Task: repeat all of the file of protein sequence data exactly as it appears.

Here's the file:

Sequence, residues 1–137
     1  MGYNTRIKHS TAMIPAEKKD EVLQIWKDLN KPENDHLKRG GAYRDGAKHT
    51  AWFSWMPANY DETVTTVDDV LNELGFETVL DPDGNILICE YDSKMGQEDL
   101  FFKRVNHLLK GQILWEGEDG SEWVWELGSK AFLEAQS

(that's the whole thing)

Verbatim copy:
Sequence, residues 1–137
     1  MGYNTRIKHS TAMIPAEKKD EVLQIWKDLN KPENDHLKRG GAYRDGAKHT
    51  AWFSWMPANY DETVTTVDDV LNELGFETVL DPDGNILICE YDSKMGQEDL
   101  FFKRVNHLLK GQILWEGEDG SEWVWELGSK AFLEAQS